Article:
Cities grow and thrive because of their quality of life. Cities grow when people want to live and work in them.
That’s economic development. Real economic development.
It’s that simple.
Right now, Kansas Citians are not satisfied with the way our city is being run. I know this because I’ve asked them. As City Auditor, I surveyed citizens every year.
I found that fewer than one in four Kansas Citians are satisfied with the value they receive for the taxes and fees they pay to the city. Our rate of satisfaction with basic services lags behind that of other cities in the metro area.
My office also surveyed hundreds of owners and managers of local businesses about their views of city services. And we held focus groups to get more in-depth understanding.
And what did we find out?
Kansas City business owners want the same thing every Kansas Citian wants.
Business owners and managers told us infrastructure and public safety are the most important city services affecting their businesses.
Fixing the streets, clearing snow quickly, keeping the storm drains from flooding, providing a visible police presence, and responding quickly to burglaries or traffic accidents are all economic development activities.
Streamlining processes through technology and employee training to make it easier to do business in the city is an economic development activity.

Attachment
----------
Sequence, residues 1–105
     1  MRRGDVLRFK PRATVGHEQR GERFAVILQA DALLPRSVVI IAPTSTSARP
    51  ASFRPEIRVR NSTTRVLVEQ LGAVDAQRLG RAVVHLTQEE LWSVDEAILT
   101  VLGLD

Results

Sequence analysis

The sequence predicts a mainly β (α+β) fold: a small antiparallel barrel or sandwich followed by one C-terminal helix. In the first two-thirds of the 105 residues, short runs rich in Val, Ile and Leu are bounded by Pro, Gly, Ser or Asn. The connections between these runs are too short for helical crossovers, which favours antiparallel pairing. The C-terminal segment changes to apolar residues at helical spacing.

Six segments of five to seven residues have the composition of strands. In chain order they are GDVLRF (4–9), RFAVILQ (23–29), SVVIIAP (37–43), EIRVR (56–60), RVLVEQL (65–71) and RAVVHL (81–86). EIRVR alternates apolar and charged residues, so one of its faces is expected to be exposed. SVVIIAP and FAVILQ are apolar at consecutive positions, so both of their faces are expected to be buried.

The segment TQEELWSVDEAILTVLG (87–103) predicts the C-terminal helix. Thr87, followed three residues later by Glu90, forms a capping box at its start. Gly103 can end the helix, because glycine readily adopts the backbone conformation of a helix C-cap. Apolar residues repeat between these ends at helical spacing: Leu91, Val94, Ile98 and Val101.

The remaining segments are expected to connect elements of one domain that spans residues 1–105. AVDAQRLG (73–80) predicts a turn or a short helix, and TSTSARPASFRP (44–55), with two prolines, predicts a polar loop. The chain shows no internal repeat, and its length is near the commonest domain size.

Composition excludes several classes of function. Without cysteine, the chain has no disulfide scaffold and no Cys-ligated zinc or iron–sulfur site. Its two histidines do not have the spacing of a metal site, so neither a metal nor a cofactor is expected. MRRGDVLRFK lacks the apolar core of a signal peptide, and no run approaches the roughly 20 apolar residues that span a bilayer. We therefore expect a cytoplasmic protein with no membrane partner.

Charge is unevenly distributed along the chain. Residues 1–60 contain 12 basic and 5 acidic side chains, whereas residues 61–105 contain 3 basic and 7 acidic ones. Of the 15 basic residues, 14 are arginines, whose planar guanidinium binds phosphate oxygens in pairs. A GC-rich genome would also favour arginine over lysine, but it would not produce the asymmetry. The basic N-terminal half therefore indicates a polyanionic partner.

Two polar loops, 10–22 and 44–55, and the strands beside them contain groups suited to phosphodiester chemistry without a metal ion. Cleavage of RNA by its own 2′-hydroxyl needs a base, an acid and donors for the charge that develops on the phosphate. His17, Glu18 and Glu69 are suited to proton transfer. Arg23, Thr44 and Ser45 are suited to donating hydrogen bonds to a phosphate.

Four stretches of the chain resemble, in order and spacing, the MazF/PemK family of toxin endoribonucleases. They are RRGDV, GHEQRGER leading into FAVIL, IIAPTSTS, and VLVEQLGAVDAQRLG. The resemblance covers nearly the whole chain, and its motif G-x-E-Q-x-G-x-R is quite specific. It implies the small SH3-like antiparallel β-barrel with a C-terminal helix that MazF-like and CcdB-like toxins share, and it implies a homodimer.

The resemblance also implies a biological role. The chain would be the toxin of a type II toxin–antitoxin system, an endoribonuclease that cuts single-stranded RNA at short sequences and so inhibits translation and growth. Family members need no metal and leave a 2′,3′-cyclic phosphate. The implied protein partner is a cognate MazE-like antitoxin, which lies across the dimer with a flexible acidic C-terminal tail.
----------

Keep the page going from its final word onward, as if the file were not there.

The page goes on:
And ensuring that the taxes and fees that residents and businesses pay for these services are fair is also a critical economic development activity.
The way Kansas City can achieve these things is by running City Hall like an effective business.
The most important thing I learned while receiving my MBA was that businesses thrive when they have a focused and disciplined budget process that sets goals and measures progress.
And, above all, you have to know your customer.
City Hall needs to do more to bring Kansas Citians to the negotiation table. And we need to be honest with them about the progress we’re making.
Frankly, we haven’t been doing this. Kansas City’s current economic development strategy has given business owners the opposite of what they want. The focus has been on tax incentives for a few well-connected developers. Meantime, funding for basic services has declined.
That’s why most of the funding for infrastructure in the Northland, for instance, is going to a few fancy developments and not to good roads serving the entire area, which is what Northlanders want more than anything else, according to our surveys.
In this year’s budget, payments to developers for tax breaks will double, from $30 million to $60 million. We’re also increasing spending on infrastructure, but we’re doing so with bonds, essentially using the city’s credit cards.
Would you run your business that way?
The first step is to take control of economic development strategy. We need to bring the decision making process on tax incentives out of the back rooms and into the public where it belongs.
These incentives shouldn’t be abolished. But, we must target incentives to cases where they can be clearly shown to improve the overall tax base of the city or where social justice concerns argue for their use.
At the same time, we need to make basic services and citizen satisfaction the priority at City Hall.
What I’m talking about here is less a plan than a policy.
Indeed, it’s a philosophy. A business philosophy.
Getting our finances in order. Getting back to the basics. Listening to and caring about Kansas Citians. Every Kansas Citian. That’s what will bring about the economic growth that we all want and deserve.